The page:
A few blocks farther east on Canyon Road is Cristo Rey Church, which stands at the point where Canyon Road becomes Upper Canyon Road. Designed by the influential Santa Fe architect John Gaw Meem in the traditional New Mexico mission style, and built in 1939 of 180,000 adobe bricks, the church houses a notable 18th century Spanish Colonial carved stone reredos (alter screen). A side door of the building is open from early morning, and the coolness and spaciousness of the interior foster rest, prayer or meditation, or just a break from shopping and gallery visits. Cristo Rey is an active parish church, and for those so inclined, participation in services can very much increase the appreciation of the building. The same is true of San Miguel, the Oldest Church, on Old Santa Fe Trail downtown, where attendance of a function can restore the building's ambiance from the touristic to its original character.

At the top of Upper Canyon Road (walking distance for only the very hardy), the Randall Davey estate, now the Randall Davey Audubon Center, offers sanctuary at the mouth of Santa Fe Canyon. Davey, a painter, musician and sportsman, acquired the property in 1920 and lived there for more than 40 years. Extensive grounds, a small art gallery and nature trails through the upland are now accessible to visitors, all this only a few miles from the Santa Fe Plaza. The Davey Audubon grounds are open from nine to five o'clock daily, the office, bookstore and gallery from nine to five Monday through Friday. The Davey house is open to visitors summer Sundays from one to four in the afternoon, and By Appointment for groups at other times.

Heading back to the center of town, it's nice to take Cerro Gordo Road, the first right turn off Canyon Road as you drive away from the Davey Audubon Center. Cerro Gordo begins by bridging the Santa Fe River, then climbs to the other side of the canyon and heads west, paralleling the river course. There are expansive views of mountain and meadow, and you get a good sense of country living only a couple of miles from the Plaza.

It's possible also, from various points, to walk the course of the river, which is bordered by willow thickets, chamisa and old cottonwoods. The Cerro Gordo river bridge or the Alameda river bridge just below Cristo Rey Church are good points from which to gain access to the river corridor itself. Westward, and particularly as it reaches the center of town, the river is bordered by parkland. Patrick Smith Park, between Canyon Road and Alameda just west of the Alameda river bridge, is a turfed oasis. Cerro Gordo Park, above the river on the road of that name, is native in its planting.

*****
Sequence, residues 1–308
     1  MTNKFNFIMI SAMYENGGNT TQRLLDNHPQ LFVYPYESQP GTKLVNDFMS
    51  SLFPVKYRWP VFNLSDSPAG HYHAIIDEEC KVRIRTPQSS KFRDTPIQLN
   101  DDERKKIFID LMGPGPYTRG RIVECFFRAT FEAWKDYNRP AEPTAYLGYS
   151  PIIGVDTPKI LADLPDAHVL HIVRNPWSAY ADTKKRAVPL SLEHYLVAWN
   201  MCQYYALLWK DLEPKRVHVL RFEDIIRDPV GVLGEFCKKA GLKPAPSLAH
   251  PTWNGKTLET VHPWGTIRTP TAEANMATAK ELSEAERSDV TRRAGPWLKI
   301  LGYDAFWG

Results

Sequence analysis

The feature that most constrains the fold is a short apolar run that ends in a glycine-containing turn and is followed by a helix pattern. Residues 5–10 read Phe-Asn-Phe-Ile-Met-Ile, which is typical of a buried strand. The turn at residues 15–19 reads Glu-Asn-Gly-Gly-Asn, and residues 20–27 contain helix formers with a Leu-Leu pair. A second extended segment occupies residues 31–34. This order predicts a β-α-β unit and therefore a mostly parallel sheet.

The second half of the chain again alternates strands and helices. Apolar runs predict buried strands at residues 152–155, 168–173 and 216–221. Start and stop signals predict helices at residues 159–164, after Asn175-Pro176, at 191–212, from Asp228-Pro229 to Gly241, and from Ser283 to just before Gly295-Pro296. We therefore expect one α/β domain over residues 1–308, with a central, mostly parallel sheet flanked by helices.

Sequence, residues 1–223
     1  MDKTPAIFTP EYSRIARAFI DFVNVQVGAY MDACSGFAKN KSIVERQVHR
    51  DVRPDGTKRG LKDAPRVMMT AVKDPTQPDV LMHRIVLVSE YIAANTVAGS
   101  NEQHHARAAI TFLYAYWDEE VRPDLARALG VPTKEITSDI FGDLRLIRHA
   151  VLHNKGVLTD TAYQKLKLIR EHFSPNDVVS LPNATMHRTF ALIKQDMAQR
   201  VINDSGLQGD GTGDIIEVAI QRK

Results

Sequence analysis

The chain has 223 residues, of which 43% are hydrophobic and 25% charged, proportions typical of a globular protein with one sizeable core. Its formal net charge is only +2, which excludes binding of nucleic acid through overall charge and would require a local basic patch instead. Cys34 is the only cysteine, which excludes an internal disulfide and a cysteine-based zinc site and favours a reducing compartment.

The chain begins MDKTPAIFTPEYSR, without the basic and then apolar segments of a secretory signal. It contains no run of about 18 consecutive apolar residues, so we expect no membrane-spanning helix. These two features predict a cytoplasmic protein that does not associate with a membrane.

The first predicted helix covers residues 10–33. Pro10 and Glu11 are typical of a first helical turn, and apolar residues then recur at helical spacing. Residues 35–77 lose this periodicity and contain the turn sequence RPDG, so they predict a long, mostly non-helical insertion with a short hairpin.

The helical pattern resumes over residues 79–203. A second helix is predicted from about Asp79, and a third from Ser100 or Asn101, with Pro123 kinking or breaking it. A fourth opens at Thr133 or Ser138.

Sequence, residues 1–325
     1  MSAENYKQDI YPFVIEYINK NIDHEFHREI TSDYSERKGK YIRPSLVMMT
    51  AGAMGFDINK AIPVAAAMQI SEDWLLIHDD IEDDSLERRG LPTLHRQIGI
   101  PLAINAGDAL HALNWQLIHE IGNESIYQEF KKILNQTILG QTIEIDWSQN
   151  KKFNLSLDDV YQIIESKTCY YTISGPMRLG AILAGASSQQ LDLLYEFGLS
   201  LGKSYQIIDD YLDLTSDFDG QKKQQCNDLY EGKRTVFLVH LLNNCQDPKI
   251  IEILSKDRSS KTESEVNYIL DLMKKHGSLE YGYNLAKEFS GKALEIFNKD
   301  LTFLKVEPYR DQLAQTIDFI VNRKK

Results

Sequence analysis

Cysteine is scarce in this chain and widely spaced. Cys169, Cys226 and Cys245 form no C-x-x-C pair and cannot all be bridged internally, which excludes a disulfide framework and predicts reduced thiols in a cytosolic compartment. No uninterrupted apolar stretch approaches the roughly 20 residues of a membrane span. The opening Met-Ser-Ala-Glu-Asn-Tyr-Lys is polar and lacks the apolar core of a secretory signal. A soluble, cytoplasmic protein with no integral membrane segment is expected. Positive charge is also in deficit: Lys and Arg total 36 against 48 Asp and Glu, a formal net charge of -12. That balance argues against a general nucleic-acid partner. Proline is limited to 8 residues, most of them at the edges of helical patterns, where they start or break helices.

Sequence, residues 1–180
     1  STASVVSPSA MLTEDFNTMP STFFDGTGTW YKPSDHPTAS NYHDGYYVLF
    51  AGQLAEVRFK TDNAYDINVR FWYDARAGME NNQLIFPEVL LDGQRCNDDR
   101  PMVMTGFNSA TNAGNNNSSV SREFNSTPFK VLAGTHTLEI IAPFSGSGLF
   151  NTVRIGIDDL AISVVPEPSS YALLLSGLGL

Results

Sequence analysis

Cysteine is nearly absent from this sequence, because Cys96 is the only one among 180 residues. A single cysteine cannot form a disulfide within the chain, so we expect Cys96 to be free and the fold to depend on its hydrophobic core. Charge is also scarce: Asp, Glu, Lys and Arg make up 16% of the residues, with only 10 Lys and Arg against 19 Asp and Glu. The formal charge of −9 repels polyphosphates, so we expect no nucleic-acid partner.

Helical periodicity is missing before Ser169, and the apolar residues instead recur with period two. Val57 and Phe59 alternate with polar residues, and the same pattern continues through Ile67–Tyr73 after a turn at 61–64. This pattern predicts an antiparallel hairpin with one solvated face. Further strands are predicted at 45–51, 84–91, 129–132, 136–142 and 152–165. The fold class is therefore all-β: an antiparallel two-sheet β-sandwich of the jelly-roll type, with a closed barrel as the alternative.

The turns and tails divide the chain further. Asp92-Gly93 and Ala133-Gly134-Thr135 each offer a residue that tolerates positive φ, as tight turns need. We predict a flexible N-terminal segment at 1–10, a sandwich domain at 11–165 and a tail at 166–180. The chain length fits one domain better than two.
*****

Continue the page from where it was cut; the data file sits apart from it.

Tranquil pockets downtown include Federal Place, a sort of commons east of the main post office, and the New Mexico State Capitol grounds, which border East DeVargas Street. The block of East DeVargas that runs between San Miguel Church on Old Santa Fe Trail and Don Gaspar Street to the west is bordered by historic adobes, and has the feeling of a village.

The several patios of the downtown area offer sanctuary too. Sena Plaza, on East Palace Avenue off the Santa Fe Plaza, is the best known. Embraced by the converted 19th-century hacienda of an old Santa Fe family, this patio is beautifully planted. The splash of a fountain masks street sounds, and benches and restaurant tables invite repose. You'll be most likely to have Sena Plaza to yourself in the morning hours, or in the later evening.

Smaller patios are features of the old buildings adjoining Sena Plaza to the west, and Cathedral Park lies across the street. Francisco Plaza, next to the Eldorado Hotel on West San Francisco Street, is nearly always empty and quiet. Snuggled between West Palace Avenue and West San Francisco Street is a small, inviting patio in which you can enjoy fresh-ground coffee, national or foreign newspapers and magazines in the presence of a benevolent bronze gorilla. The courtyard of the Palace of the Governors, on the Santa Fe Plaza, is charming and serene. The Palace is of course a museum, one of the half dozen in Santa Fe that your respites in parks and patios may energize you to visit. Or, if you're energized sufficiently to seek out additional quiet and unusual places at the expense of some inquiry and walking or driving, try the ancient Conquistadora Chapel in St. Francis Cathedral, the old Rosario Chapel in the Rosario Cemetery, or the Scottish Rite Temple, built in 1913 on the model of the Alhambra, the Moorish Palace in Granada, Spain.


Originally appeared in
The Collector’s Guide to Santa Fe and Taos - Volume 4


Related Pages

For interesting tours in the Santa Fe area:
Rojo Tours and Services, Inc remote
505-474-8333

Favorite Places in Albuquerque article
Favorite Places in Taos article


Collector’s Resources

Santa Fe

Arroyo rem | 505-988-1002
McLarry Modern | 505-983-8589
GVG Contemporary | 505-982-1494
Alan Barnes Fine Art rem 402 Old Santa Fe Trail - next to The Pink | 505.989.3599
Campanilla Compound pic 334 Otero Street | 505-988-7585
The Madeleine Bed & Breakfast Inn pic 106 Faithway St | 505-982-3465
Shidoni Galleries / Sculpture Garden / Foundry | 505-988-8001
Tresa Vorenberg Goldsmiths | 505-988-7215
Vivo Contemporary rem 725 Canyon Road | 505-982-1320

RESOURCE LISTS UPDATED WHEN VIEWED | ARTICLE CONTENT REVISED January 27, 2009